And if all that is true, then doesn’t that mean you really need to focus on making your company hotline as accessible to employees as possible? We mean, you want employees to use the hotline, right? So you need to make the entire process as user-friendly as possible. Otherwise, you risk having employees use other, less attractive means to have their concerns addressed.

What does that look like? Well, we touched on the topic in an article we published about 18 months ago. We wrote—

Allegations received via internal hotline should be logged. Then they should be investigated. The findings of the investigation should be summarized and the matter should be dispositioned by an independent party in accordance with applicable laws, regulations, and company procedures. Then – and this must always happen – the company must ‘close the loop’ by reporting back the disposition to the employee who made the original hotline allegations. (Obviously if the original reporter was anonymous, that’s not going to happen.)

Employees who call the company hotline to report concerns are not whistle-blowers; they are concerned employees. But you can quickly convert them into whistle-blowers by ignoring their concerns or failing to report back to them the findings of your investigation. And—as we’ve reported—you cannot retaliate against any employee who avails themselves of any fraud reporting mechanism.

In fact—as that last article noted—you are required by DFARS contract clause 252.203-7002 to inform your employees, in writing, of their whistleblower rights. Of course, we are quite confident that defense contractors with that clause in their contracts have already done so. Right?

Thus, focusing on making your company hotline an attractive and user-friendly option for employees with concerns starts with education. You need to tell them about it. For certain defense contractors, you need to tell them about it in writing. But for the rest, perhaps an email blast will be sufficient. Let them know that you want them to use the hotline when appropriate. Obviously, reporting up the chain of command is preferable; but often that approach is problematic for one reason or another. So the company hotline is the best next option.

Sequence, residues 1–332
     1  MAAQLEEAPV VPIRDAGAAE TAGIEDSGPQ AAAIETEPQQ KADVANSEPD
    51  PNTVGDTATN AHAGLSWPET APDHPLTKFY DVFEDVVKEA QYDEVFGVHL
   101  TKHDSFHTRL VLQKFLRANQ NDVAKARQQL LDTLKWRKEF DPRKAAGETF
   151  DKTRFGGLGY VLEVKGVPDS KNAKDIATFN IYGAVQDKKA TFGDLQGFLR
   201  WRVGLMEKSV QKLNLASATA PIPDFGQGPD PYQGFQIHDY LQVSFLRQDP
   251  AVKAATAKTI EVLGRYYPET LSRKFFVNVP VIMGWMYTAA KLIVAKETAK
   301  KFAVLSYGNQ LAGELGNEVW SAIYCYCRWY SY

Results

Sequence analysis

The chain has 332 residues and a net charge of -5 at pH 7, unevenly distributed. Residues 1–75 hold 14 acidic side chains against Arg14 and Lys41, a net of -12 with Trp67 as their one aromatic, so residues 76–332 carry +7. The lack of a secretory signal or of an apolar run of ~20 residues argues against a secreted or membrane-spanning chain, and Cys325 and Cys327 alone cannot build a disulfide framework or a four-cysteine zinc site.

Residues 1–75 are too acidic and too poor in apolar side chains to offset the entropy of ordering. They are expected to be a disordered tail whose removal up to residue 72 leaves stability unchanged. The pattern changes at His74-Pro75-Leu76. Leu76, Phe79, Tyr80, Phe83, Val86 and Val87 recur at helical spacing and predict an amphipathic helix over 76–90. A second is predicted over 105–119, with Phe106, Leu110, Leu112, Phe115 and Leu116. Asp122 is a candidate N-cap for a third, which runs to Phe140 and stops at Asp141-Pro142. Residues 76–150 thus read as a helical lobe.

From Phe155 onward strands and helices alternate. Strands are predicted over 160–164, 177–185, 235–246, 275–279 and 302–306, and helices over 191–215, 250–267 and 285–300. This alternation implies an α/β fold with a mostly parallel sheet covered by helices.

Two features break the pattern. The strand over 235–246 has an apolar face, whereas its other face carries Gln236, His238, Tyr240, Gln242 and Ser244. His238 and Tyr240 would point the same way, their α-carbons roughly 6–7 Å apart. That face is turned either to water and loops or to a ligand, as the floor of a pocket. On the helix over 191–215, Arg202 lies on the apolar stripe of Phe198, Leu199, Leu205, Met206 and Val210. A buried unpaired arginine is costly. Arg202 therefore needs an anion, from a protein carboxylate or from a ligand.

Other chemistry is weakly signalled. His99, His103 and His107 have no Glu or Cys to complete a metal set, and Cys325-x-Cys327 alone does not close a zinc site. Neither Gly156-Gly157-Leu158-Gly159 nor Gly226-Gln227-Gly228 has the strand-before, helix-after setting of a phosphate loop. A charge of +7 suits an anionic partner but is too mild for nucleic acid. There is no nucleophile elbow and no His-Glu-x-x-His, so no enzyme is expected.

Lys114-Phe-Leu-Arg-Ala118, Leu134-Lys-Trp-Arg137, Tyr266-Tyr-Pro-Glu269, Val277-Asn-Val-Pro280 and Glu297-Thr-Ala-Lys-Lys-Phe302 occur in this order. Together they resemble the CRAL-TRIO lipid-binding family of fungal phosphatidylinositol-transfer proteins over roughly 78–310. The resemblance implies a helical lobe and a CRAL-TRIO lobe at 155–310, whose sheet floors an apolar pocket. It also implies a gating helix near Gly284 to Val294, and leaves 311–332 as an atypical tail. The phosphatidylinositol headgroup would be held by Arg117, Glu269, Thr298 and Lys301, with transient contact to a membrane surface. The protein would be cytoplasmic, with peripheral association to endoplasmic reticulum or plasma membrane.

• Let employees know that it’s okay to use the hotline; that they will not be retaliated against. Rather, they will be protected.

  • Let employees know that their concerns will be taken seriously and that the concerns will be investigated impartially, perhaps by an outside party.

  • Let employees know that they will be hearing back from somebody with the results of those investigations.

  • Make sure that the company hotline number is prominently posted. Make it easy to dial. Make sure reports are logged.

Because the alternatives are much less pleasant.



Effective January 1, 2019, Nick Sanders has been named as Editor of two reference books published by LexisNexis. The first book is Matthew Bender’s Accounting for Government Contracts: The Federal Acquisition Regulation. The second book is Matthew Bender’s Accounting for Government Contracts: The Cost Accounting Standards. Nick replaces Darrell Oyer, who has edited those books for many years.